The feast of the Assumption of the Virgin Mary at Novara di Sicilia in August

Orthodox Christians fast for fourteen days before the Feast of the Assumption of Mary, including abstinence from sexual relations. [53] Fasting in the Orthodox Churches generally consists of abstinence from certain food groups; during the Dormition fast, one observes a strict fast on weekdays, with wine and oil allowed on weekends and, additionally, fish on the Transfiguration (August 6th). [54]

The Assumption is important to many Christians, especially Catholics and Orthodox, as well as many Lutherans and Anglicans, as the Virgin Mary's heavenly birthday (the day that Mary was received into Heaven). Belief about her acceptance into the glory of Heaven is seen by some Christians as the symbol of the promise made by Jesus to all enduring Christians that they too will be received into paradise. The Assumption of Mary is symbolised in the Fleur-de-lys Madonna.

The present Italian name of the holiday, Ferragosto , may derive from the Latin name, Feriae Augusti ("Holidays of the Emperor Augustus"), [55] since the month of August took its name from the emperor. The feast was introduced by Bishop Cyril of Alexandria in the 5th century. In the course of Christianization, he put it on 15 August. In the middle of August, Augustus celebrated his victories over Marcus Antonius and Cleopatra at Actium and Alexandria with a three-day triumph. The anniversaries (and later only 15 August) were public holidays from then on throughout the Roman Empire. [56]

The Solemnity of the Assumption on 15 August was celebrated in the Eastern Church from the 6th century. The Western Church adopted this date as a Holy Day of Obligation to commemorate the Assumption of the Blessed Virgin Mary, a reference to the belief in a real, physical elevation of her sinless soul and incorrupt body into Heaven.

Public holidays

(sweet rice cakes) are the piece de resistance
of the Assumption feast celebration among Goan Catholics. Catholic Goan style Patoleo.jpg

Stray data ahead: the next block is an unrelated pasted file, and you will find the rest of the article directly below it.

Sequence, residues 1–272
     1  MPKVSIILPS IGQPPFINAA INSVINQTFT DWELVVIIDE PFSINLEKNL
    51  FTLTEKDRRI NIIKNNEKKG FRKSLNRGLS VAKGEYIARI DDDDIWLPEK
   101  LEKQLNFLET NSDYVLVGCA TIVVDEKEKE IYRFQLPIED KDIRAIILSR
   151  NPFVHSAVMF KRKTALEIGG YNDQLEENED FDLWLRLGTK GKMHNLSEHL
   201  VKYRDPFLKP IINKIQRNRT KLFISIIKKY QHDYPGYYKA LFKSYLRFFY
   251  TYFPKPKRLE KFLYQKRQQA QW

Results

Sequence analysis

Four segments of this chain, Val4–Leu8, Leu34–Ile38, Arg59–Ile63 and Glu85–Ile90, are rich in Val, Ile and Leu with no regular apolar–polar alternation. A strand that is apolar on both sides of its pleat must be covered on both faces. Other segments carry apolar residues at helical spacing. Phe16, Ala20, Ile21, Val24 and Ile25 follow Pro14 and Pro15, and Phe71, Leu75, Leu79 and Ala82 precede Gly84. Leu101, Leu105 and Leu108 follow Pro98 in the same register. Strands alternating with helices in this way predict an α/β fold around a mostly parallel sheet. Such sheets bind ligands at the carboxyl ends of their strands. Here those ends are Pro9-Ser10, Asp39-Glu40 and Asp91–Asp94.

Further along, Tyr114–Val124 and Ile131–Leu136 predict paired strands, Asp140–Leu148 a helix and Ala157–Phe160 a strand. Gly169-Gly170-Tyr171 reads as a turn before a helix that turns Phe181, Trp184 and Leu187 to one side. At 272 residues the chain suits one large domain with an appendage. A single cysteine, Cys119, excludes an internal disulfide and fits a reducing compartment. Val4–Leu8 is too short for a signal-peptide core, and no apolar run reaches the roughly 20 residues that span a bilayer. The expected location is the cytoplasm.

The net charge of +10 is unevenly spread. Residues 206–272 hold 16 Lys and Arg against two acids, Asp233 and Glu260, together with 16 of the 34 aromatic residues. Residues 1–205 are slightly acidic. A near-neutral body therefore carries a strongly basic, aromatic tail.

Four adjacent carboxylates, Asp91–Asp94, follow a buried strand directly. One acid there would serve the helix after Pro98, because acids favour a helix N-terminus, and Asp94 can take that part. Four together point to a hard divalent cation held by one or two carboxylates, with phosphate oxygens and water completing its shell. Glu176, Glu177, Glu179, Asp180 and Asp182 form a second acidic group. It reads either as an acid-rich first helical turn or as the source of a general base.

Patoleo (sweet rice cakes) are the pièce de résistance of the Assumption feast celebration among Goan Catholics.

Assumption Day on 15 August is a nationwide public holiday in Andorra, Austria, Belgium, Burundi, Cameroon, Central African Republic, Chile, Republic of Congo, Côte d'Ivoire, Croatia, Colombia, Costa Rica, Cyprus, East Timor, France, Gabon, Greece, Georgia, Republic of Guinea, Haiti, Italy, Lebanon, Liechtenstein, Lithuania, Luxembourg, Republic of North Macedonia, Madagascar, Malta, Mauritius, Republic of Moldova, Monaco, Montenegro (Albanian Catholics), Paraguay, Poland (coinciding with Polish Army Day), Portugal, Romania, Rwanda, Senegal, Seychelles, Slovenia, Spain, Syria, Tahiti, Togo, and Vanuatu; [57] and was also in Hungary until 1948.

It is also a public holiday in parts of Germany (parts of Bavaria and Saarland) and Switzerland (in 14 of the 26 cantons). In Guatemala, it is observed in Guatemala City and in the town of Santa Maria Nebaj, both of which claim her as their patron saint. [58] Also, this day is combined with Mother's Day in Costa Rica and parts of Belgium.

Prominent Catholic, Eastern Orthodox, and Oriental Orthodox countries in which Assumption Day is an important festival but is not recognized by the state as a public holiday include the Czech Republic, Ireland, Mexico, the Philippines and Russia. In Bulgaria, the Feast of the Assumption is the biggest Eastern Orthodox Christian celebration of the Holy Virgin. Celebrations include liturgies and votive offerings. In Varna, the day is celebrated with a procession of a holy icon, and with concerts and regattas. [59]